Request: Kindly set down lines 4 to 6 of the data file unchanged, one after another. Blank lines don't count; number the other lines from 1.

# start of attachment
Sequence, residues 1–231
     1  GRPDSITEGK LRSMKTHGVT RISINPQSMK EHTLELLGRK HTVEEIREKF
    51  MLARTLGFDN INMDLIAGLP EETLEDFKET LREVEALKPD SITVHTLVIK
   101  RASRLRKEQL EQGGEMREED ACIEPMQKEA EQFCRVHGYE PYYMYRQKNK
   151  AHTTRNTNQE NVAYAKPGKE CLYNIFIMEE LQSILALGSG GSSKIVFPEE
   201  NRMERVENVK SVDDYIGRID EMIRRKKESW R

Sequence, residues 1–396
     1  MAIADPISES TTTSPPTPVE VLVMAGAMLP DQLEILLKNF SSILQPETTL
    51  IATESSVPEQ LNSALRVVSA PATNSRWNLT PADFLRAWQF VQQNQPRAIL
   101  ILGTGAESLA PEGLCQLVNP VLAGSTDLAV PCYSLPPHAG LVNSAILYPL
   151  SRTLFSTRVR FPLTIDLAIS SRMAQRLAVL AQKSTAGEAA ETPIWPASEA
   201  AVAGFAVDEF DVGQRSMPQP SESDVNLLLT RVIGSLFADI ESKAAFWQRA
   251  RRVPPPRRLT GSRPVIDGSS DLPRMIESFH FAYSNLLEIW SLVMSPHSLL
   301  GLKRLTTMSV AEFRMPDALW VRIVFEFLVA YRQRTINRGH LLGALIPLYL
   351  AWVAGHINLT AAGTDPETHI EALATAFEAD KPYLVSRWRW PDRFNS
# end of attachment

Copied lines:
   101  RASRLRKEQL EQGGEMREED ACIEPMQKEA EQFCRVHGYE PYYMYRQKNK
   151  AHTTRNTNQE NVAYAKPGKE CLYNIFIMEE LQSILALGSG GSSKIVFPEE
   201  NRMERVENVK SVDDYIGRID EMIRRKKESW R